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East of Eden and Rio Bravo Join WB’s Parade of Classics on 4K

Image courtesy of Warner Bros. Home Entertainment

Continuing their year-long 100th anniversary centennial celebration, Warner Bros. Studios and Warner Bros. Home Entertainment upscaled two more cherished classics to the 4K Ultra HD level of physical media. On August 1st, the 1959 western favorite Rio Bravo and 1955’s familial drama East of Eden hit store shelves in the new format. Unlike the last previous releases, these two packages leave traditional Blu-ray behind and only come with 4K Ultra HD discs and digital codes. That’s quite the dedication to top resolution. Unfortunately, the fullest dedication to everything else is missing.



The title screen of "Rio Bravo"
Image courtesy of Warner Bros. Home Entertainment

Eleven years after his seminal western Red River, director Howard Hawks re-teamed with screen legend John Wayne for Rio Bravo. This marked the director’s first film in four years and Wayne’s return to westerns after temporarily avoiding them after The Searchers. For John Wayne at age 51, he considered Rio Bravo his transition to middle age. This was the last time he wore his same trusty hat since 1939’s Stagecoach and footage from this would make it into flashbacks of John’s final film The Shootist nearly twenty years later.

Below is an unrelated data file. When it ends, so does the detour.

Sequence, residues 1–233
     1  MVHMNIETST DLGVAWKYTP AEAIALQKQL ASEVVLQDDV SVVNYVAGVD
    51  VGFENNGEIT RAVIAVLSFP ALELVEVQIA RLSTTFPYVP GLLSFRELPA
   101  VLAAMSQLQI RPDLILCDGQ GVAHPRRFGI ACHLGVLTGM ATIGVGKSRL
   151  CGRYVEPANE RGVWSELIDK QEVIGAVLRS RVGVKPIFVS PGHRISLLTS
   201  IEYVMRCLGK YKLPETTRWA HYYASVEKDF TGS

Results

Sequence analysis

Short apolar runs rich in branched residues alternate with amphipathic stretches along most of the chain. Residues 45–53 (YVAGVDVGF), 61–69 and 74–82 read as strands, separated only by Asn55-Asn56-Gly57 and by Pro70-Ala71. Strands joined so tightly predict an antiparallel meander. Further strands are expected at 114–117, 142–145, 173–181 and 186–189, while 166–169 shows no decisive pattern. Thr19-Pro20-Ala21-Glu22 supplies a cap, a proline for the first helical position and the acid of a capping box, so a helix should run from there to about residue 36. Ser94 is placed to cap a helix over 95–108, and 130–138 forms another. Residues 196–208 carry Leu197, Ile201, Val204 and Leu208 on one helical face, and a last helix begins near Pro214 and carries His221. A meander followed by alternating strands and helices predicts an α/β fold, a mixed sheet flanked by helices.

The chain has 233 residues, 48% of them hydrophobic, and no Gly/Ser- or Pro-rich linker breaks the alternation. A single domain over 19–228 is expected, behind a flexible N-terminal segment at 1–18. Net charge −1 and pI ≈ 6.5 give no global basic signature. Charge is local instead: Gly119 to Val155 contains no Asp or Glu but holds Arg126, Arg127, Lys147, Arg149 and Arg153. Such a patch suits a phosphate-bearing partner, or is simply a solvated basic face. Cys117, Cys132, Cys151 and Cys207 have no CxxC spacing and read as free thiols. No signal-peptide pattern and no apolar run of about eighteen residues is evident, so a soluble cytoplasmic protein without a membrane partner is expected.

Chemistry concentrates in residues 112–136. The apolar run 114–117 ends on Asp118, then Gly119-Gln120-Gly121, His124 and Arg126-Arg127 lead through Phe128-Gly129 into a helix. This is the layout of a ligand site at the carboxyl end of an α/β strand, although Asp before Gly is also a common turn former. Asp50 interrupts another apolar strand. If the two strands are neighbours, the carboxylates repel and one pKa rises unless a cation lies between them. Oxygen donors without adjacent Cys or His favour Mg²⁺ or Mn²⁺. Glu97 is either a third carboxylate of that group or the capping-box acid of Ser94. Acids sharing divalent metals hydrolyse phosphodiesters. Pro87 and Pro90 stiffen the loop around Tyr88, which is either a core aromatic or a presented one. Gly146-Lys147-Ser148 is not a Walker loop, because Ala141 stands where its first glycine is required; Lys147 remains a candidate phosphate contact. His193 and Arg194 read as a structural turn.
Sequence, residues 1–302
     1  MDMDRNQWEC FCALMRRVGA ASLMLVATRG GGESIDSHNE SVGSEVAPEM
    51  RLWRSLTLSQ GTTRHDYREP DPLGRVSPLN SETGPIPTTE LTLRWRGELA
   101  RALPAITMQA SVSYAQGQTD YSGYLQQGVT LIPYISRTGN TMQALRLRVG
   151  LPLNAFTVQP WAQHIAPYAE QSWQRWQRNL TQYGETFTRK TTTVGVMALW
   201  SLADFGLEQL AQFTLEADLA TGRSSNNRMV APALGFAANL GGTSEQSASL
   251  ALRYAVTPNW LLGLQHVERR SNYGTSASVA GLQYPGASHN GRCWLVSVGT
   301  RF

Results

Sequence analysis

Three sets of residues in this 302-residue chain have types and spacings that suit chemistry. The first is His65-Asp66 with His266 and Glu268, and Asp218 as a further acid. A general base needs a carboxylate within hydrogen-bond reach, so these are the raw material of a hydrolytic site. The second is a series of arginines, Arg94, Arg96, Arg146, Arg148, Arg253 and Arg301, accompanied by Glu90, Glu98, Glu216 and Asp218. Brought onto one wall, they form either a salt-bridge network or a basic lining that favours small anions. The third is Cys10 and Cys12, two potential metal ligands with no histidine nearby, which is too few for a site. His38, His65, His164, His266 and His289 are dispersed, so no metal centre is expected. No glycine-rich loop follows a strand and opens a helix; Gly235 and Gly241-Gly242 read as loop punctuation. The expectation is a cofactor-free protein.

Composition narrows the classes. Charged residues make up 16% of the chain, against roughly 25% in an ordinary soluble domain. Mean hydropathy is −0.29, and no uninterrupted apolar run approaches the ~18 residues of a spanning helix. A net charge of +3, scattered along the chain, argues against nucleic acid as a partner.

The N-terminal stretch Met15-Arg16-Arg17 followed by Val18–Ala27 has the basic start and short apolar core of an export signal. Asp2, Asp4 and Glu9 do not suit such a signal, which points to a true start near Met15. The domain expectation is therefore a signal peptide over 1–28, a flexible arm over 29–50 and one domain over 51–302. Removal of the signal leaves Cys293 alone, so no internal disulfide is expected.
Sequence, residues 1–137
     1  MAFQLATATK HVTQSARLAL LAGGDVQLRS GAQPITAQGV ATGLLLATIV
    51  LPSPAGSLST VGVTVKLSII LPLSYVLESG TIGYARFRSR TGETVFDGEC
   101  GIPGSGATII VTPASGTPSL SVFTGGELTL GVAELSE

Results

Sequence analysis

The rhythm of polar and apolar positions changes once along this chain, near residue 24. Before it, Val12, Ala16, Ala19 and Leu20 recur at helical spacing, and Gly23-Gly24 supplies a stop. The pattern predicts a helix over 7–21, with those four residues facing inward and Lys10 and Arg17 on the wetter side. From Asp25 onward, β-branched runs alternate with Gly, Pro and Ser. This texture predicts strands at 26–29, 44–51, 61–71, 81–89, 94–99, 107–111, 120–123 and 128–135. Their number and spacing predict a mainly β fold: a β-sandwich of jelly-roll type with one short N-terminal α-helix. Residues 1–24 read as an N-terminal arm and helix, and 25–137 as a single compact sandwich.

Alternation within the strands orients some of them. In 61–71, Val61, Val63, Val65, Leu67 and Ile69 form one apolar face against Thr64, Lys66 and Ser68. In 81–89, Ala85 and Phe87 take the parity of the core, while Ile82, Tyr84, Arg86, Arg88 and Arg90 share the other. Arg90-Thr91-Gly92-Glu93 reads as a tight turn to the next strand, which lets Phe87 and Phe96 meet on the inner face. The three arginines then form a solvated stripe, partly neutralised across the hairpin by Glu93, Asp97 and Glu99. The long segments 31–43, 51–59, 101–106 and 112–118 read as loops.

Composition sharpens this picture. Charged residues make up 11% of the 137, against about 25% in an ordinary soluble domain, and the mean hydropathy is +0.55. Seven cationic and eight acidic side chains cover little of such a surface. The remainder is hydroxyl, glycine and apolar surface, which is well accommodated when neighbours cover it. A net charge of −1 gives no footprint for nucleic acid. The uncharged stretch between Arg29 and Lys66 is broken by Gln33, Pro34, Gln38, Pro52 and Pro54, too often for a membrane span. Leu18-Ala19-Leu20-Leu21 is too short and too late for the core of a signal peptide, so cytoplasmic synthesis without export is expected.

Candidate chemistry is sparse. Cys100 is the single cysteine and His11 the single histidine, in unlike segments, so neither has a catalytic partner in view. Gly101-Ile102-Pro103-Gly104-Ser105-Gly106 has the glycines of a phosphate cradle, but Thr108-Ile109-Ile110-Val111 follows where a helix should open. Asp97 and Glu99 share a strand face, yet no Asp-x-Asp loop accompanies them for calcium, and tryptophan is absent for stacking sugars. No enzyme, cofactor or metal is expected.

While John Wayne was still the major draw, Rio Bravo is also known for showcasing crooner Dean Martin and being a launching pad for the fresh-faced Angie Dickinson and budding recording artist Ricky Nelson. This was Martin’s first western during a career of mostly comedies and Dickinson’s largest role to date. The real catch was Ricky Nelson showing he was all grown-up after being a longtime child actor on The Adventures of Ozzie and Harriet right before cracking the Billboard Top 100 with a string of hits.

The film itself surrounds a week-long wait for higher authorities to arrive at the town of Rio Bravo to take into custody arrested murderer Joe Burdette (Claude Akins of The Caine Mutiny). The prisoner’s powerful gang supporters, including his ranching baron brother Nathan (TV star John Russell), begin to gather in town to spring him from jail. It’s then up to the the only three lawmen in town—Sheriff John T. Chance (Wayne), his recovering alcoholic partner Dude (Martin), and the old cripple Stumpy (three-time Oscar winner Walter Brennan)—to quell the coming ruckus. Caught in town during this time are stagecoach passengers Colorado Ryan (Nelson), a quick-triggered whiz with a pistol, and Feathers (Dickinson), an independent woman drawn to gambling and (later) Chance.